In a debate on the floor of the Alabama House of Representatives, Alabama Democrat Alvin Holmes claimed that white parents would force their daughters to have an abortion if their daughters got impregnated by a black man.
Possible new regulations on abortions in the Yellowhammer State would deny abortions to women whose pregnancies had advanced far enough for the fetus to have developed a fetal heartbeat, which usually occurs at about six weeks into a pregnancy.
The proposed law, sponsored by Rep. Mary Sue McClurkin (R-Indian Springs), would hold that an abortion is legal in cases of prenatal anomalies or threat of stillbirth, but not in cases of rape or incest.
Flavoring her words with race issues during the debate of the bill, Rep. McClurkin compared her efforts to Brown v. Board of Education and said she hoped that the Roe v. Wade national abortion law could eventually be overturned.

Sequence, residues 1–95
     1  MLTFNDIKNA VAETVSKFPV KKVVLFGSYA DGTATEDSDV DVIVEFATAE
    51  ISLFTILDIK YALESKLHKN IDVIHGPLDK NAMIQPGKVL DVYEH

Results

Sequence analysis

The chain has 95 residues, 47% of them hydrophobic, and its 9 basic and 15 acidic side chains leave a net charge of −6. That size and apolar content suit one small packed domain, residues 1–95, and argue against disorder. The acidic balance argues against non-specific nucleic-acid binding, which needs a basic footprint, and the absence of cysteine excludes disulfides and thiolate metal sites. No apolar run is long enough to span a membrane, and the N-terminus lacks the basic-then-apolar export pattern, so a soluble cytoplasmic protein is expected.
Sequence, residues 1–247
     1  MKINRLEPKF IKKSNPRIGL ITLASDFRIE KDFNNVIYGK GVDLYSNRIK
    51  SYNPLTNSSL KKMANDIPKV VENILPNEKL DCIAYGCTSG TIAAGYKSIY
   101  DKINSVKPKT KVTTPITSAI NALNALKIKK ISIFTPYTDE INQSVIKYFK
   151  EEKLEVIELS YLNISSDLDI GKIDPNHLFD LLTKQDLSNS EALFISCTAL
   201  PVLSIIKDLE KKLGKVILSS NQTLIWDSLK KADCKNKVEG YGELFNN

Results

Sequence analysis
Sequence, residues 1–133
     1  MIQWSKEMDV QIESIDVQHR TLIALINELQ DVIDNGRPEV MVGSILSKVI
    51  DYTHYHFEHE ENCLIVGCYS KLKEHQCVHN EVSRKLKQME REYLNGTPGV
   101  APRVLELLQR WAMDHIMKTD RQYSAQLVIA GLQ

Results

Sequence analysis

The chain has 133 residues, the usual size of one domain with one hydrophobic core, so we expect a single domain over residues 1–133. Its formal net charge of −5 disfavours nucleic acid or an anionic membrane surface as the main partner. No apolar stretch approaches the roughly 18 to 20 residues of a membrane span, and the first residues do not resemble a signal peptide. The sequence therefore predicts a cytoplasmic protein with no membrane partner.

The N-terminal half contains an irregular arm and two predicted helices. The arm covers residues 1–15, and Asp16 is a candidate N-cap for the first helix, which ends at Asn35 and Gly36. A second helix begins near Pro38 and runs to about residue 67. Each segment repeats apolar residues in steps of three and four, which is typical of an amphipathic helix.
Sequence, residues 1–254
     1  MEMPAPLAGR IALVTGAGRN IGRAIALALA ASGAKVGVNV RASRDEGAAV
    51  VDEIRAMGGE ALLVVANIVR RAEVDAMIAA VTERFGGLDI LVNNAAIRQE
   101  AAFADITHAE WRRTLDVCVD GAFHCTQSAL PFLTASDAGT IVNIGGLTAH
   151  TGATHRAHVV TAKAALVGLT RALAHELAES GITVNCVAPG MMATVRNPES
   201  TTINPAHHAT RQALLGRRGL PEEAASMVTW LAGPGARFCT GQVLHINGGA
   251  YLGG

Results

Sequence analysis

In response, Rep. Holmes made the extreme claim that white people would be in favor of aborting mixed-race babies.
“Ninety-nine percent of the all of the white people in here are going to raise their hand that they are against abortion,” Holmes said. “On the other hand, 99 percent of the whites who are sitting in here now, if their daughter got pregnant by a black man, they are going to make their daughter have an abortion.”
Despite Holmes’ extremely hateful comment, the Alabama House passed the bill.
This is the same Alvin Holmes who recently called Supreme Court Justice Clarence Thomas an “Uncle Tom” because he married a white woman. Holmes later refused to back down from the attack.
Holmes’ broadside against Justice Thomas prompted Breitbart’s own David Webb to note that the Representative clearly doesn’t understand the lessons taught by the famed Civil War era novel Uncle Tom’s Cabin.
“Anyone with an honest thought process would see that [the name ‘Uncle Tom’] is not an insult,” Webb said, “just used as one by bigots.”
In fact, in the famed book that President Abraham Lincoln quipped “caused the Civil War,” the Uncle Tom character was a hero who bravely withstood the attacks and the oppression of the slave power, rising above it all with aplomb and graciousness.